It used to be that only patients who had a very high risk for open-heart surgery were the only candidates for TAVR, but recently, studies have shown that patients at low-risk for surgery also can benefit from TAVR. If you've been told you have a tight heart valve, or that there are no ways to treat your heart-valve issues — TAVR is a therapy for you.
Patients typically are in the hospital for just 36 hours and can return to work within just a few days — compared to up to a week of hospitalization for open heart surgery, in addition to a monthlong recovery at home.
TAVR can help these individuals live longer — and better.
Just like the aortic valve, the heart's mitral valve can get narrowed (stenosis), but more commonly, it gets leaky. The valve's two leaflets do not close properly, and blood flows backward through the valve — this is called mitral valve regurgitation. Patients with mitral valve regurgitation can experience profound shortness of breath; have heart failure symptoms or be diagnosed with heart failure; develop swelling in their legs; and over time cause heart function to get weak.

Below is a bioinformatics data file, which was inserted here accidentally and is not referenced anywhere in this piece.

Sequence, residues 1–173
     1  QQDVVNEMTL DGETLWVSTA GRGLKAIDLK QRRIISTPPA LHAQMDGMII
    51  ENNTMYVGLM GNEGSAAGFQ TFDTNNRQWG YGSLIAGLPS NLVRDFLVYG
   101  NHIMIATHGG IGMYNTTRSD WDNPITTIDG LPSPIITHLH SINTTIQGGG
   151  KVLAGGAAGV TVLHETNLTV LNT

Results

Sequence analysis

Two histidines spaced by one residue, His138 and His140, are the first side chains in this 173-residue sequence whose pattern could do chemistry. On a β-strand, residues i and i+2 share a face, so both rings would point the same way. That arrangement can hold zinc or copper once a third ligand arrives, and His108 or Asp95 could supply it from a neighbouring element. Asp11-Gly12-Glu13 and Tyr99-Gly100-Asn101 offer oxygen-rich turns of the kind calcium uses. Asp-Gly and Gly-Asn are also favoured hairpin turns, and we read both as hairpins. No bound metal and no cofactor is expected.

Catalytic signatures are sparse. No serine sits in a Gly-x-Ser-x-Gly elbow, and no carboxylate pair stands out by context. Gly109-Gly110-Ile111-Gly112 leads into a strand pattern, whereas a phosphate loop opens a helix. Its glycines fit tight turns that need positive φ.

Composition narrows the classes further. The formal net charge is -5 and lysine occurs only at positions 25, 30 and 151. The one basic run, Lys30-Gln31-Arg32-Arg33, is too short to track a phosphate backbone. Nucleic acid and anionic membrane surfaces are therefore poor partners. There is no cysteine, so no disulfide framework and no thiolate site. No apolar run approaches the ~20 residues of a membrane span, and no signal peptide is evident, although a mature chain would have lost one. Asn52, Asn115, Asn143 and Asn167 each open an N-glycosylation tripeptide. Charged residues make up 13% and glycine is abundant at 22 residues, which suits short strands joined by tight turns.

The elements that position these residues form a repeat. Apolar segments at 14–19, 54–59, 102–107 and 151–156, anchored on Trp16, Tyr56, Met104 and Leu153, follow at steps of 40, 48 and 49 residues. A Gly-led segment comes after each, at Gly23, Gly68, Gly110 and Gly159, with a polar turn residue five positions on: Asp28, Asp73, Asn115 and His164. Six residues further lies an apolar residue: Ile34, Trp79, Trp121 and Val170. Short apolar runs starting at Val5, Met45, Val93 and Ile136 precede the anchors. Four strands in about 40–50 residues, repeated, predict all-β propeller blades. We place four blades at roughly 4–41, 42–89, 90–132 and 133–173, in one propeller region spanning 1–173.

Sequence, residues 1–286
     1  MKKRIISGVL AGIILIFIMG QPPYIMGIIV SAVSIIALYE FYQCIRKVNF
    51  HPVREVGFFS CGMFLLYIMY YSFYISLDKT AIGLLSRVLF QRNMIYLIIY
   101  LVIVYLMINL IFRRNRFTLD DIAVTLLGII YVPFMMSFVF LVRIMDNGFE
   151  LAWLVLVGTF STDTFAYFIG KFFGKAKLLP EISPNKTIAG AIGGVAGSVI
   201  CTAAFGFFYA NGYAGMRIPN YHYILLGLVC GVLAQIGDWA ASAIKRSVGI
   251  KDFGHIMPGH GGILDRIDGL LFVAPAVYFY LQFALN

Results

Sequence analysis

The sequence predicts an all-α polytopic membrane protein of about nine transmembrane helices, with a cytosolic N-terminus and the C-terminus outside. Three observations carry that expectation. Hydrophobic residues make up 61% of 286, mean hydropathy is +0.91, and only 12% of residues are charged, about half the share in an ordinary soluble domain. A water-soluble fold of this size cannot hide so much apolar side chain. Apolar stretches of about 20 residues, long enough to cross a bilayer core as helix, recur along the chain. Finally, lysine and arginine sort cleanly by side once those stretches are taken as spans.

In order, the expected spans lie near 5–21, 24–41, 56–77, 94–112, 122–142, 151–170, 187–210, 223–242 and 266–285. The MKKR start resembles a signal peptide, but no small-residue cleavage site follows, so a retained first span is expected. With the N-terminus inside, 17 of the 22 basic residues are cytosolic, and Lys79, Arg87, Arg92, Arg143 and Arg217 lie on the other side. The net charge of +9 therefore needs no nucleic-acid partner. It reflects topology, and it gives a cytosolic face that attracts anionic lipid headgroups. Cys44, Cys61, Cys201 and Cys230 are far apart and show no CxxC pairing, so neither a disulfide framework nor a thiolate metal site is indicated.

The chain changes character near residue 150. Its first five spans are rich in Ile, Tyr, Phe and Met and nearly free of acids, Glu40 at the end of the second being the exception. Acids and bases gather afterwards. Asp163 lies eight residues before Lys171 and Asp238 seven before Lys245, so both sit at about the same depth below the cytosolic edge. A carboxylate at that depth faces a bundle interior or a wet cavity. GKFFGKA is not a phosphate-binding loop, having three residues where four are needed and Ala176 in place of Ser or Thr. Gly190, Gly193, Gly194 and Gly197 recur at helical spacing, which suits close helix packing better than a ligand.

A less invasive alternative to open-heart surgery, the MitraClip procedure is a catheter-based treatment that involves placing the MitraClip device — a metal clip with a covering of polyester fabric — on a regurgitating mitral valve, the gateway between the heart's left atrium and left ventricle. The MitraClip pins part of the valve together, which allows the rest of the structure to open and close around it and prevents blood from leaking backward. This decreases the amount of blood that moves backward through the valve and into the lungs, which can cause shortness of breath.